Nobbs Test : An Australian questions Indian national character

Michael Nobbs is the Australian coach of the Indian Olympic hockey team that suffered five straight defeats and perfected the art of surrender without fighting.

After their third defeat Nobbs exploded in frustration and anger. He said, “The national (hockey) team needs players who show the character to take up a challenge and are willing to commit their heart and body for the country’s prestige.”

This profound characterisation would apply, not only to our hockey players but also to many of our top functionaries sitting in positions of authority in politics, judiciary and in many other walks of life.

Apply this test to the current UPA government where fifteen of its ministers are accused of corruption by Team Anna. How many of them are “willing to commit their heart and body for the country’s prestige”?

Apply this test to more than 160 MPs who themselves have told the election commission of India that they are facing court cases for criminal conduct, some of them even charged for murder and rape.

Apply this test to the two supreme court judges who thought that a rash driver’s punishment for killing six people should be a two-year long community service.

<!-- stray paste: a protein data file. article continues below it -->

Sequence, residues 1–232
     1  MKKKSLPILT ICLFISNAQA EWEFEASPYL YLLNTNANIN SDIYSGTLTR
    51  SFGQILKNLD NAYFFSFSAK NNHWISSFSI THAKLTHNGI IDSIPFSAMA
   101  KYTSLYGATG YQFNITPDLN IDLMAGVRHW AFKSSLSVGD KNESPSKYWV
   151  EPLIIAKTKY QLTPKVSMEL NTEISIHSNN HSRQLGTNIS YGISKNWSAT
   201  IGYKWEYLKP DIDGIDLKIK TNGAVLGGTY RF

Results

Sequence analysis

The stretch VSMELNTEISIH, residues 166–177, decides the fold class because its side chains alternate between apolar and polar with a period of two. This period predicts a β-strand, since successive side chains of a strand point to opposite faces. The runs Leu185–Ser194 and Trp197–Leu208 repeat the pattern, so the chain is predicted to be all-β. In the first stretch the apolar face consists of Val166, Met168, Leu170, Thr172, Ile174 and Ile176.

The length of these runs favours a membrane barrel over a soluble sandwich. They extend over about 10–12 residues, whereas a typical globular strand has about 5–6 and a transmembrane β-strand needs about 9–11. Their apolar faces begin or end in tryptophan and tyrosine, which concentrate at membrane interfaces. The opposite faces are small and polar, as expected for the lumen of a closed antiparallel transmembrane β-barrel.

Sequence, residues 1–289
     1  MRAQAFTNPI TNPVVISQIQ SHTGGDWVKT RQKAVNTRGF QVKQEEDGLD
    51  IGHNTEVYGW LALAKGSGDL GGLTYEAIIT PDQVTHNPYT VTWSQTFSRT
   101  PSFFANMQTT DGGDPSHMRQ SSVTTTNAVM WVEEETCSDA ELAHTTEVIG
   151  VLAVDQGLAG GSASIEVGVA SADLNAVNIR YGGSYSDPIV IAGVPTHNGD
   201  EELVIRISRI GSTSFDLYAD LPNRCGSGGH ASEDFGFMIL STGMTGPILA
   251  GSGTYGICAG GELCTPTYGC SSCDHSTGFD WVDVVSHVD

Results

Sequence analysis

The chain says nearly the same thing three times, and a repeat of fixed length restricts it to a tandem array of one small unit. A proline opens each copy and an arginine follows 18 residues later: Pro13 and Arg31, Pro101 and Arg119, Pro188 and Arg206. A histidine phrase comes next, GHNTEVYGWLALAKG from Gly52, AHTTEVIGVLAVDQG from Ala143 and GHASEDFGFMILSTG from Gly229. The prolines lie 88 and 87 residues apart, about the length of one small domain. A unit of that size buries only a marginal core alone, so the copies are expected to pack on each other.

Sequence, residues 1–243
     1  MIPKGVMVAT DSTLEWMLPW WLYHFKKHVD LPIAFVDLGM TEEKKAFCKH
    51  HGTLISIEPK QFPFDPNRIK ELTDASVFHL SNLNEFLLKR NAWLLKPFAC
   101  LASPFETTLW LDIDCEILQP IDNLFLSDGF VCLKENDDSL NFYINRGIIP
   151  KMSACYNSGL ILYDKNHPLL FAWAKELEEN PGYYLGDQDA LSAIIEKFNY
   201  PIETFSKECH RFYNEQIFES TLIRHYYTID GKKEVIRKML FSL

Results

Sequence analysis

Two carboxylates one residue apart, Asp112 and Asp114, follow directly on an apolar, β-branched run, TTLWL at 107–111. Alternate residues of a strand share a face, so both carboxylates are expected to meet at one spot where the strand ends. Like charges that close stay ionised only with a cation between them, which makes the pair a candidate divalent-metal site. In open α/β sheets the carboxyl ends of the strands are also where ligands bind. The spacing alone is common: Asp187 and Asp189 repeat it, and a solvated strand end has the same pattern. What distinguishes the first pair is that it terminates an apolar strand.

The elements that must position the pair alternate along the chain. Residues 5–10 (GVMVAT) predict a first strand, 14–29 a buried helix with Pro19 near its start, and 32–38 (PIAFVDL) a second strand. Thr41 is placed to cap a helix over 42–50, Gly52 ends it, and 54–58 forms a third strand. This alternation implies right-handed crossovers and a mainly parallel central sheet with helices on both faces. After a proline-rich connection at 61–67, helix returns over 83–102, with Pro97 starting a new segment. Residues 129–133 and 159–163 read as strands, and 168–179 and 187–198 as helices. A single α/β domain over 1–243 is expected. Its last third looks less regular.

Let’s look into this case more deeply. The accused driver Sanjeev Nanda, who had mowed down six men under his BMW car in 1999, was the son of an arms dealer. In the earlier stages of the case he had lied under oath that he was not present in the car. He fled from the crime scene and managed to wash up the car to destroy the evidence. Many witnesses that appeared against him were bought off and managed to help him rather than depose against him. His lawyer was caught on camera by a leading news channel advising one of the main eyewitnesses to ask for money from the fabulously rich accused for hiding the truth in the court.

From the lower courts Nanda got five years jail that was later reduced to two years. Under pressure of huge public outrage the case was taken to the Supreme Court for the enhancement of punishment.

The learned Supreme Court judges found Nanda’s actions “highly reprehensible”. Yet they could not think of a punishment harsher than two years of community service. The judges also fined Nanda five million rupees, which is peanuts for the son of an arms dealer and the owner of one of Delhi’s top five star hotels.

This infamous BMW case has served as an example to many other kill-and-run cases where films stars, and sons of influential businessmen have similarly escaped justice.

Surely, not all judges are corrupt, but we have many judges who are failing the Nobbs test: “willing to commit their heart and body for the country’s prestige.”


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